Thursday, 10 March 2016
Follies great and small.
The Conservative government has now been in office for ten months and there seems to have been something in the papers at least once a week which has filled me with alarm, despondence or despair. Unfortunately I am not sufficiently well organised to keep a detailed list but here, in no particular order, is a selection:
1. The Squeeze on the BBC. This continues apace, with finding cuts resulting in staff reductions (30% in the television division), the removal of BBC 3 to "on-line only" and threats s to Radio 5 live and local radio. The Culture Secretary, John Whittingdale has suggested that BBC1 should be "more distinctive" (ie less popular, and so attract a smaller audience and weaken ready for privatisation?). The Conservatives, supposedly so concerned with Britain's international prestige, seem determined to destroy what is is possibly the only remaining British institution that is still "the best in the world and the envy of the world."
2. Local Environmental Record Centres (LERCS). No, I hadn't hear of of them either, but there are 40 of them, funded by Natural England, for whom they act as "eyes and ears." Their 128 paid staff, 500 volunteers in offices and tens of thousands of outdoor volunteers who record changes in the occurrence of insects, plants, wild life and habitats in their spare time. Just the sort of thing a wealthy and civilised country should be doing, even just or interests sake, but vital for proper records of the effects of climate change. The cost to the public purse is a mere £205 000 but that will not be renewed next month.
This, I suspect, is just one of dozens of other organisations doing worthy things which are being strangled by a government that pretends to believe in "the big society."
3. The Denuding of the North. The government was not directly involved in the Science Museum's decision to transfer the internationally important photography collection from Bradford to London, but the above-mentioned Mr Whitingdale has refused to intervene. The move has been described as "cultural vandalism." The government is, however, directly responsible for the closure of the Sheffield offices of the Department of Business, Innovation and Skills in order to create a "combined central HQ and policy centre in London." So much of the "Northern Powerhouse."
4. The Green Investment Bank, one of the major Liberal Democrat achievements in the Coalition (even though its funding was very modest) is to be privatised and permitted to look for profit-maximising opportunities in other countries rather than concentrate on the greening of Britain.
5. (Failing) attempts to "balance the books" by privatisations. Our 40% stake in Eurostar has been sold to a Canadian consortium. the publicly owned and successful East Coast was not even allowed to bid to continue running the trains on the east coast main line. Our shares in Lloyds Bank and RBS are being sold to the private sector with the alternative of retaining at least one of these banks in public ownership with the remit to provide investment funds at at reasonable rate of interest to small and medium enterprises being ignored. The OBR estimates that in the period of this parliament £32bn of public assets could be sold.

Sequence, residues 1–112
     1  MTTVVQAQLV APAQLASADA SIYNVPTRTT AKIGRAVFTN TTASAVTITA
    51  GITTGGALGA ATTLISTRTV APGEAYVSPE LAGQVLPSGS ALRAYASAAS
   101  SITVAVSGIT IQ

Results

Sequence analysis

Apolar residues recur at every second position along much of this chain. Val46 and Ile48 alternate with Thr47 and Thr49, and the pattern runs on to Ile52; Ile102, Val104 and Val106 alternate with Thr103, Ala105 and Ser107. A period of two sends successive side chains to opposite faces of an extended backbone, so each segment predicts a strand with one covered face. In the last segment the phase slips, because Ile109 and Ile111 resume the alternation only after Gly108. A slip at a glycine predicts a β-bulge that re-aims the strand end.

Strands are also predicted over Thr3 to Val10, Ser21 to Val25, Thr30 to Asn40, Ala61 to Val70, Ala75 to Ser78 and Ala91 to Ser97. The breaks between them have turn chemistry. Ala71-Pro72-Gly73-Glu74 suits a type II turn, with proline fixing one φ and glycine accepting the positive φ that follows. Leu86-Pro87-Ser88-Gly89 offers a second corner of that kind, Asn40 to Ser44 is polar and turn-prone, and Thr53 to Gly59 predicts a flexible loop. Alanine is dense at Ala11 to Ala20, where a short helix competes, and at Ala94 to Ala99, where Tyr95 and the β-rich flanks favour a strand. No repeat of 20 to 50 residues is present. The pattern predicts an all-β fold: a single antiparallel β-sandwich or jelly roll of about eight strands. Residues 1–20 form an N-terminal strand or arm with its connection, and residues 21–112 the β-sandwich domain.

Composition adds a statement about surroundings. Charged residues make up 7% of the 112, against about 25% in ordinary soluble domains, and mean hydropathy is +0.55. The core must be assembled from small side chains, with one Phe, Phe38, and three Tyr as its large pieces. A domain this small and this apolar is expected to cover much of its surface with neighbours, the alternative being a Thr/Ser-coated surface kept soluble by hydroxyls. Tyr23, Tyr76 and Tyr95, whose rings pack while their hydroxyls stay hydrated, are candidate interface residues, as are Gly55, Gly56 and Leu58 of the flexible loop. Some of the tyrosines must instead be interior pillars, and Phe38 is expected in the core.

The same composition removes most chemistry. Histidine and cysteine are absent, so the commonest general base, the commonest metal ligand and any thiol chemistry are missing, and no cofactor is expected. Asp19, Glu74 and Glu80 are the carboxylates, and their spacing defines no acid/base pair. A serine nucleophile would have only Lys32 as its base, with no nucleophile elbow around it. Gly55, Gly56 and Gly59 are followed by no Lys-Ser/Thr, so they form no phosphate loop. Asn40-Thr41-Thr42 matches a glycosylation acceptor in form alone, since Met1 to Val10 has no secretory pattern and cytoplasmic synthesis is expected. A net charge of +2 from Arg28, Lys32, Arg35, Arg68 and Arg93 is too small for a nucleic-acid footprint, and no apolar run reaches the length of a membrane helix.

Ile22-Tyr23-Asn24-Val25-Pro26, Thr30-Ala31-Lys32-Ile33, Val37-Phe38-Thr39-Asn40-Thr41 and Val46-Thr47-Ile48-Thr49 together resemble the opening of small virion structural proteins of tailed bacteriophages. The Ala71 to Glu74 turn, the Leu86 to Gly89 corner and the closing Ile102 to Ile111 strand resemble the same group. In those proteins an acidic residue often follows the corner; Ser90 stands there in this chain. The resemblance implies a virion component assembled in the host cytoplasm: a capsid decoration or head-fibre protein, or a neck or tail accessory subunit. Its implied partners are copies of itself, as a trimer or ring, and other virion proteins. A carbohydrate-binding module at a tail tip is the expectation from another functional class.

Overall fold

And still the books don't balance. And, when assets are sold abroad, the already yawning gap on the current account of the Balance of Payments is made even worse.
6. Our democracy is threatened by the reduction in the Short Money available for the finance of opposition parties, and the Trade Union bill to reduce the powers of employees representatives and to force union members to opt in rather than out of the political levy. The shameless bringing forward, against the advice of the independent Electoral Commission, of the new method for voter registration, will, without careful safeguards, disenfranchise thousands of mainly young and less affluent voters (who are less likely to vote Tory). This latter mover is presumably to distort the size of constituents by number of voters in them and so skew the coming boundary revisions in favour of the Conservatives.
7. The shortage of affordable homes continues, but the government's answer of "Help to Buy" with a 5% deposit and 20% equity loan will simply inflate the bubble in house prices and generate the house-price inflation on which much of our so-called economic recovery is based, rather than lead to an increased supply of houses.
8. Outsourcing. Government contracts worth billions continue to be given to private conglomerates of proven incompetence such as G4S (failure to provide security for the Olympics, so the public service army had to be brought in to do the job) and Serco ('Doncaster prison branded inadequate two years ago remains "very poor".'- BBC yesterday) Why, oh why?
10. Sham devolution to Local Government. What is really being devolved is perceived responsibility for the effects of the cuts, and that, paradoxically, only on condition that we have an elected mayor, which the public of Greater Manchester have voted against and our leaders in Yorkshire are adamant that we don't want.
And all the while the government ploughs on with grandiose follies such as HS2, the Hinkley Point nuclear power station (to be built by the French and financed by the Chinese), a replacement for Trident (last week the government committed and additional £450m to this even thought the Commons vote on whether or not to go ahead has yet to be held), disruption the NHS as a preparation for further privatisation and operation an illiterate economic policy which inhibits recovery while rewarding the rich and punishing the poor.
And instead of debating these issues as a mature democracy should, we are sidelined into a pointless debate on membership of the EU, on which David Cameron has gambled the future of our country in order to save his party.